• Totally agree. My favorite line: “And I know, for a fact, that our relationship would never ‘request the honour of your presence’ or ‘cordially invite you,’ no matter how much we wanted you there.”
      We have been thinking for a long time on how to do wording, and this helps validate what we’ve been thinking: an invitation from us should SOUND like and invitation from US!

  2. one of my biggest pet peeves is when people write out “two thousand and eight”, because when dealing with numbers the word “and” represents a decimal point. i like the way you worded your invitations much better.

    • Thank you! It ALWAYS bugs me when people put and in a year! But people get annoyed with me when I correct them. Just use numbers! They’re so much easier to understand

      • Though, I think it is helpful to write out “The third of February” or whatever, as countries abbreviate dates differently. The US would use 2/3/11 whereas Australia would say 3/2/11, etc.

        But, agreed, you should technically just say “two thousand eleven,” omitting the word ‘and.’

    • Not in Australia – 2024 is written as two thousand and twenty four. An “and” is placed before the tens. If you want to denote a decimal place, you say “point” and then list the numerals, so 2024.56 is written as two thousand and twenty four point five six

      • Ah, I stand corrected about the “and” then. I was just making that point about the numbering vs spelling it out.

        • I realise – was more pointing out that writing in words still don’t always help matters.

    • I agreed, for a bit. Then I realised that for many invites are nearly a piece of art/typography. Often writing it out in words makes it look much better.

  3. I am stressing horribly about trying to word an invitation that will include acknowledgment of my divorced parents, the fiancee’s divorced parents, and my stepmom.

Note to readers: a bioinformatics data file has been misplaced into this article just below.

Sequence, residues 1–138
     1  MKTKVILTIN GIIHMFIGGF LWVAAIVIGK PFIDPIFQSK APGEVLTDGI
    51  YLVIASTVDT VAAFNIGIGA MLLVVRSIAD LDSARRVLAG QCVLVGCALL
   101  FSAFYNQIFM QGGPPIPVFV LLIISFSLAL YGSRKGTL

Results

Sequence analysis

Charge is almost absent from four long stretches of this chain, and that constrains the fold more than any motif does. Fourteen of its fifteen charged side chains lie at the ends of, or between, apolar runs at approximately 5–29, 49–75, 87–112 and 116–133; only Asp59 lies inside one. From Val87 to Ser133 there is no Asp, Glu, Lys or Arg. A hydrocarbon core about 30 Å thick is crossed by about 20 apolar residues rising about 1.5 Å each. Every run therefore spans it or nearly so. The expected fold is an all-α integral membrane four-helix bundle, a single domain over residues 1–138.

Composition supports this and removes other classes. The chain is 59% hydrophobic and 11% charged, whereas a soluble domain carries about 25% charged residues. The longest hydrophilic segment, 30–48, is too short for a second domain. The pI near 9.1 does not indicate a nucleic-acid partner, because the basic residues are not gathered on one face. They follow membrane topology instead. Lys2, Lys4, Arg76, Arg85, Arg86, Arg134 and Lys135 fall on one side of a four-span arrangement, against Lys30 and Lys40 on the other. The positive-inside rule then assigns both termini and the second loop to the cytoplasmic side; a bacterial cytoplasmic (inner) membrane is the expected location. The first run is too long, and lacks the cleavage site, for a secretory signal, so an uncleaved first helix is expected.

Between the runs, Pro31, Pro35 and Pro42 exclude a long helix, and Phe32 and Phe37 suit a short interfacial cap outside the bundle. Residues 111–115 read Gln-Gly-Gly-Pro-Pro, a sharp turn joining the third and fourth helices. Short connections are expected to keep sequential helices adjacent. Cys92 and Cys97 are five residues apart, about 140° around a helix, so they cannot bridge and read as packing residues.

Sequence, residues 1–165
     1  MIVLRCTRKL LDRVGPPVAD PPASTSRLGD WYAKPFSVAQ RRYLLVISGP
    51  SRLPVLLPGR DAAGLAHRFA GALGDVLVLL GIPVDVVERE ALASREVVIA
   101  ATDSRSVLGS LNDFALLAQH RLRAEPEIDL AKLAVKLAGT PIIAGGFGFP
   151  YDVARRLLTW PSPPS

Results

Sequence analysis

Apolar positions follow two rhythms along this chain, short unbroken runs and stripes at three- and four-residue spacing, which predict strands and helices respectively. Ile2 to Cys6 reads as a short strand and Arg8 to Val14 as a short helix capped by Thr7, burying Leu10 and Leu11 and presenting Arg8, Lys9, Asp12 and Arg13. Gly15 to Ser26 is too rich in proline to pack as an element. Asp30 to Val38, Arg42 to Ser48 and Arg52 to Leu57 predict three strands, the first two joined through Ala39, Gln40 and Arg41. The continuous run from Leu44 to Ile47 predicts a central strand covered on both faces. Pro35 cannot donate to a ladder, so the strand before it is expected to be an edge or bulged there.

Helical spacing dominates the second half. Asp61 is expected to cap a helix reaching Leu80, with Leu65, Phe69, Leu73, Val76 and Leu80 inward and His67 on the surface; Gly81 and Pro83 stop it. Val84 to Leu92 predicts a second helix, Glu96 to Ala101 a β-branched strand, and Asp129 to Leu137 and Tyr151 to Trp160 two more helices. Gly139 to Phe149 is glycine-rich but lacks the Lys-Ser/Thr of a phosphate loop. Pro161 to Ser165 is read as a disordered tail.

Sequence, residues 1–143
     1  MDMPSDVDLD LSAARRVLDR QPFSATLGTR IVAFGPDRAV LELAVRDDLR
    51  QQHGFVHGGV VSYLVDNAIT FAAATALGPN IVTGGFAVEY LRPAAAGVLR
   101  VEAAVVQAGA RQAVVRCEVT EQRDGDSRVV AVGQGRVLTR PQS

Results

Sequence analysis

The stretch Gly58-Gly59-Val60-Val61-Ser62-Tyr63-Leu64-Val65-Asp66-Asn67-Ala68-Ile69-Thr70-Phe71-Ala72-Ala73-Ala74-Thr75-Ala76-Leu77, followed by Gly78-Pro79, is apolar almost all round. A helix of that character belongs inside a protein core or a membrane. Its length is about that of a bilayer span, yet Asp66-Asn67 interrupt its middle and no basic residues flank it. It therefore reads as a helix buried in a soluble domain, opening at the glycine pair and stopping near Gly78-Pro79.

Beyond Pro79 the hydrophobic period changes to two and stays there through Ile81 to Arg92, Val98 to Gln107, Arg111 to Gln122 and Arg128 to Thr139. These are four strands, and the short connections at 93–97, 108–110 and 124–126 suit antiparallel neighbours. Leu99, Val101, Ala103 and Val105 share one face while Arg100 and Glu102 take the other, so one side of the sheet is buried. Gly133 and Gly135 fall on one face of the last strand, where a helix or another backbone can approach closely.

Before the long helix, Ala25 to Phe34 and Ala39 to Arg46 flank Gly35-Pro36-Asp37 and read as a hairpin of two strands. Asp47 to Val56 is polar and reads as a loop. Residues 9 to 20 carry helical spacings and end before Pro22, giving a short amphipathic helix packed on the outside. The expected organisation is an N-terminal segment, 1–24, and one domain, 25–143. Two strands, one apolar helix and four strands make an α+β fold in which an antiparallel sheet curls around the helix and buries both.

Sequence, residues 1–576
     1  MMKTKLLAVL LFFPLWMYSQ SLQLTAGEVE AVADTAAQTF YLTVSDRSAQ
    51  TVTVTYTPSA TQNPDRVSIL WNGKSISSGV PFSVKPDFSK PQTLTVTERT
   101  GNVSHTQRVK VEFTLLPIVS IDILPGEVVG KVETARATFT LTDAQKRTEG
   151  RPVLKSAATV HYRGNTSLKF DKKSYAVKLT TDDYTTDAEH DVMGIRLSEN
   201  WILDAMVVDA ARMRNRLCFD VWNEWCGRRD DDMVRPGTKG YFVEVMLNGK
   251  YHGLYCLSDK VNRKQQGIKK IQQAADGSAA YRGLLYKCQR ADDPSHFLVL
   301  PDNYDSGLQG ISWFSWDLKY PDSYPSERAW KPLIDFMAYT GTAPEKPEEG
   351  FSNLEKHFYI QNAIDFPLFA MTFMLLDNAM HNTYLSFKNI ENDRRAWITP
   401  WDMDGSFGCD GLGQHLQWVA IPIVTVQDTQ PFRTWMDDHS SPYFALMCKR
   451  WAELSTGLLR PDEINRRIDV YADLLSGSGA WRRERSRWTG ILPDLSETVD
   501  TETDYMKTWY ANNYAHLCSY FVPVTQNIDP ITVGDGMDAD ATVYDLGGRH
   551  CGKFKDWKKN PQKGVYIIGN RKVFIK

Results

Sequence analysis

I guess “family” is good, but only 1/2 of mine is paying (dad’s side) because my mom can’t afford it. Someone’s feelings always seem to get hurt.

    • Well, your mom can help in ways that have nothing to do with money, right? I mean, wrangling bridemaids, or going with you to food tastings, or stamping and addressing invites, or even just listening and supporting you when you’re having a freakout, that’s SUPER helpful!

      If your dad and step-mom are still married, what about something like:

      “Please join
      Lilac LastName
      Daughter of Mom LastName
      and Stepmom and Dad LastName
      HTB* LastName
      Son of Mom LastName
      and Dad LastName
      As they begin the rest of their lives together…”

      blah blah blah (*HTB is Husband-To-Be).

      I’ve read that if the parents are divorced, the names should be listed on separate lines.

      Hopefully something like this will help alleviate hurt feelings – although honestly, if someone is determined to have hurt feelings, there’s not a lot you can do about it!

    • I think it’s okay to just use “family.” You could even use a little silliness to deflect the hurt: “Lilac & Partner, together with lots of family members, invite you…

      The whole POINT is keeping it casual. Join the revolution!

      • Heck we used “and family” and our invitations were only of the only pseudo-formal things we had. It was a great way to include mention of our families, and still avoid the awkwardness of certain people who should be listed according to the traditional way who were not being invited.

    • even though my parents paid for the majority of our wedding, i didn’t want to exclude anyone, so our invites read “together with their families, me and him invite you to join in the celebration of their marriage”.
      that way, everyone was included 🙂

      • “Together with their families, Jane and John invite you to…” is in fact Miss Manners-approved wording! Inclusive, doesn’t imply exchange of moneys, etc. Good on you!